On or about January 15, 2009, Lioi was served with a Notice and Statement of Charges. Minnah-Donkoh Decl. Ex. GG. The Notice charged Lioi with three separate violations of the Standards of Conduct Rules, including violations of the department's Confidentiality Agreement and the federal Health Insurance Portability and Accountability Act (" HIPAA" ). Id. The Notice informed Lioi that per the grievance procedures set forth in her union's contract with the City, there would be an informal conference held on January 29, 2009. Id. Michael Aragon was the Informal Conference Leader. Id. On January 29, 2009, the conference was held, and on February 10, 2009, Aragon informed Lioi, by letter, that after reviewing the evidence presented at the conference, he was recommending that she be terminated by DOHMH. See Minnah-Donkoh Decl. Ex. HH.

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On February 13, 2009, Lioi waived her rights to a disciplinary hearing pursuant to Section 75 of the Civil Service Law. See Minnah-Donkoh Decl. Ex. II. Following a " Step II" disciplinary hearing on March 10, 2009, Labor Relations Officer Nellie Mitchell notified Lioi's union representative that Lioi was to be terminated from her job as a DOHMH employee effective April 2, 2009. See Minnah-Donkoh Decl. Ex. JJ. The letter stated that it had been determined that Lioi violated the Confidentiality Agreement by (a) sending emails with patient specific identifiers to Lam on October 29 and October 30, and (b) storing confidential data on the unencrypted local hard drive of her work computer. Id.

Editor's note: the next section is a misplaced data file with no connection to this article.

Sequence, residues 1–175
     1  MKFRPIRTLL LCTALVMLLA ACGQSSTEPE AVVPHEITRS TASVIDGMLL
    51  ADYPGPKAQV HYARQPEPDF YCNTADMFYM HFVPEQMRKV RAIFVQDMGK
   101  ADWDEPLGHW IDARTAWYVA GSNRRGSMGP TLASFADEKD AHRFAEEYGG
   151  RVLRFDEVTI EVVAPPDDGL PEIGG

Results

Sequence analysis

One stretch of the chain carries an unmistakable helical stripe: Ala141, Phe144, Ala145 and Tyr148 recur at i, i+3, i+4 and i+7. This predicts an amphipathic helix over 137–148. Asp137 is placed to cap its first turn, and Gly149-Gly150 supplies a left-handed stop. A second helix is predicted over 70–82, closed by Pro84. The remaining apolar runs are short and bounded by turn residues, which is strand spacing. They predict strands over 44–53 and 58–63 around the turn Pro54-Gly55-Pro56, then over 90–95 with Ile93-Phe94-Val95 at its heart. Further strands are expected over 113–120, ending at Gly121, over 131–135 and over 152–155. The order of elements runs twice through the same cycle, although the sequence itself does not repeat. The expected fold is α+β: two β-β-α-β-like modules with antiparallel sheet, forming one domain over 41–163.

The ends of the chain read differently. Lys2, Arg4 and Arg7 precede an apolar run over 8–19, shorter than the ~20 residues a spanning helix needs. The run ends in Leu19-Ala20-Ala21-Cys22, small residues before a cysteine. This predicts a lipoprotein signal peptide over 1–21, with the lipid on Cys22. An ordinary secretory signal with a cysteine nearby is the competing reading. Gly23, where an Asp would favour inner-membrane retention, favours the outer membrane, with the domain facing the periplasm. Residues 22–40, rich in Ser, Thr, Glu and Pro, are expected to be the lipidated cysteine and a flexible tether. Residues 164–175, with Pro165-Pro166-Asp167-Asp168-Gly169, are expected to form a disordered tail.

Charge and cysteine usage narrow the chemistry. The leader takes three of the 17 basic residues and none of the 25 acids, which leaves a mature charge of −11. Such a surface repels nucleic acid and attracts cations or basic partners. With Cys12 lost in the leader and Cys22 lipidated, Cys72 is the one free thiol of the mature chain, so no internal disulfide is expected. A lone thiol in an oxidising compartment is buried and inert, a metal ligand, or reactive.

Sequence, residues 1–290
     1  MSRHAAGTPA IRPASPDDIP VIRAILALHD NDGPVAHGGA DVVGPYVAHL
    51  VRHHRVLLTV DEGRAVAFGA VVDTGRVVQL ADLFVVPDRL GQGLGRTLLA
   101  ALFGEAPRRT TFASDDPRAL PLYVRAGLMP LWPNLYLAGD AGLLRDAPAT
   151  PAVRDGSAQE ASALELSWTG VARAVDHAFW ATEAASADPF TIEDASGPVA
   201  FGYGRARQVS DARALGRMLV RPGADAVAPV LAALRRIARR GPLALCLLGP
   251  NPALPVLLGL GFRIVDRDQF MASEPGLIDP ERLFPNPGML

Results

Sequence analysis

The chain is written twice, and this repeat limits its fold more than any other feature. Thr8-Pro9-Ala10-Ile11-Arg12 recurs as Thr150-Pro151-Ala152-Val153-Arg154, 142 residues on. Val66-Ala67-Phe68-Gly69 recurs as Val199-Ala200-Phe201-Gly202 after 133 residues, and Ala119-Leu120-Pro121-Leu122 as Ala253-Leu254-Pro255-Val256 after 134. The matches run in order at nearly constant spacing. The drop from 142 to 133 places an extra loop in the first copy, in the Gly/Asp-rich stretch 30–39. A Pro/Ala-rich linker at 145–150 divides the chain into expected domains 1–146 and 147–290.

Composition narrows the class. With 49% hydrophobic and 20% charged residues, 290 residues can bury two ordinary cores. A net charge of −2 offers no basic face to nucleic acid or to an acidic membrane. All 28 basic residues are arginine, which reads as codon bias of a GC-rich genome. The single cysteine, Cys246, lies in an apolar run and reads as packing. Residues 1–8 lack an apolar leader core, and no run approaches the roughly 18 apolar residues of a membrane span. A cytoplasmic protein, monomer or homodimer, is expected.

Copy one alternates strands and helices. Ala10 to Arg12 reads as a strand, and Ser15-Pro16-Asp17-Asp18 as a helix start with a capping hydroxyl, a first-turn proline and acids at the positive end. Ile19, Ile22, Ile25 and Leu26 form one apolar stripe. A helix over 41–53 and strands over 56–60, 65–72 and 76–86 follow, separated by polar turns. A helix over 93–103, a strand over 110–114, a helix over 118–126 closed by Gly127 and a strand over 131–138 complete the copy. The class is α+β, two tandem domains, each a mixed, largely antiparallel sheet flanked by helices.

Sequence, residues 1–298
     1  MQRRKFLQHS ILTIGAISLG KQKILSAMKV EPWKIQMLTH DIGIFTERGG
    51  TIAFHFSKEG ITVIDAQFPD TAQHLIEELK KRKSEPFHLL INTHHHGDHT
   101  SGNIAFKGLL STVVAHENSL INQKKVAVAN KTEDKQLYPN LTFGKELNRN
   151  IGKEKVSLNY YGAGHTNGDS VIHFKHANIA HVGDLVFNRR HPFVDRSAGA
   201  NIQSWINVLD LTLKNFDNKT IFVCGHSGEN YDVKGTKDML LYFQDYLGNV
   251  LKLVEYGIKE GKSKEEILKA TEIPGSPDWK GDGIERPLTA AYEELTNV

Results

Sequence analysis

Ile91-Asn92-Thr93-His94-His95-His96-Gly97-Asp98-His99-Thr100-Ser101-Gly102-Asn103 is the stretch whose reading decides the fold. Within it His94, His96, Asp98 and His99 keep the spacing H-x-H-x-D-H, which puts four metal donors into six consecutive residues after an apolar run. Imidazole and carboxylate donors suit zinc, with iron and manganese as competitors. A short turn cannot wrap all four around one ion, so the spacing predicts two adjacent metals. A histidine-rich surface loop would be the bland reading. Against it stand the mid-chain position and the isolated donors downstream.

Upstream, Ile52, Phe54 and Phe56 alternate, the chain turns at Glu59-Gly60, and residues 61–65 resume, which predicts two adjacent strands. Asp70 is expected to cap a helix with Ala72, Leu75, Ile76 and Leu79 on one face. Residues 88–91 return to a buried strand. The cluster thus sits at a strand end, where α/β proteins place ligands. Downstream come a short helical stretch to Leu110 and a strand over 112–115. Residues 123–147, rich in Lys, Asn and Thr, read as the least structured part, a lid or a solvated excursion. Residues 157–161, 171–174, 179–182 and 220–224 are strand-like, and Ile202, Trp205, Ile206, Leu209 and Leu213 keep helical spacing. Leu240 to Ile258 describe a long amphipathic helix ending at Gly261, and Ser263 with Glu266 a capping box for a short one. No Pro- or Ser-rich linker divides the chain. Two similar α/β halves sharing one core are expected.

In a letter dated April 3, 2009, Lioi was notified by Brenda McIntyre, Assistant Commissioner of DOHMH's Bureau of Human Resources, that she was terminated effective as of that date. See Minnah-Donkoh Decl. Ex. KK.

On August 31, 2009, Lioi filed a complaint with the EEOC alleging that she was (a) discriminated against on the basis of her sex and race, and (b) the subject of retaliation. See Minnah-Donkoh Decl. Ex. LL. On March 30, 2010, Lioi filed a formal charge of discrimination against DOHMH PHL with the New York State Division of Human Rights. See Minnah-Donkoh Decl. Ex. NN. On May 11, 2010, the EEOC notified DOHMH that Lioi had filed a charge of employment discrimination against them, and that no action was required of DOHMH at that time. See Minnah-Donkoh Decl. Ex. OO. On June 10, 2010, EEOC notified Lioi that it had determined that " it is highly unlikely that subsequent investigation or investment of further resources would result in a finding under the Federal laws that we enforce." See Minnah-Donkoh Decl. Ex. QQ. EEOC provided Lioi with a Notice of Right to Sue. Id.

II. Procedural History

On August 30, 2010, Lioi filed the Complaint in this case. Dkt. 1. On April 13, 2011, Lioi filed an Amended Complaint. Dkt. 10. On July 12, 2012, defendants filed a motion for summary judgment. Dkt. 20-23. On July 26, 2012, Lioi filed her opposition to the motion. Dkt. 24-27. On August 2, 2012, defendants filed a reply. Dkt. 28. On November 28, 2012, the Court heard oral argument on the motion.

III. Legal Standard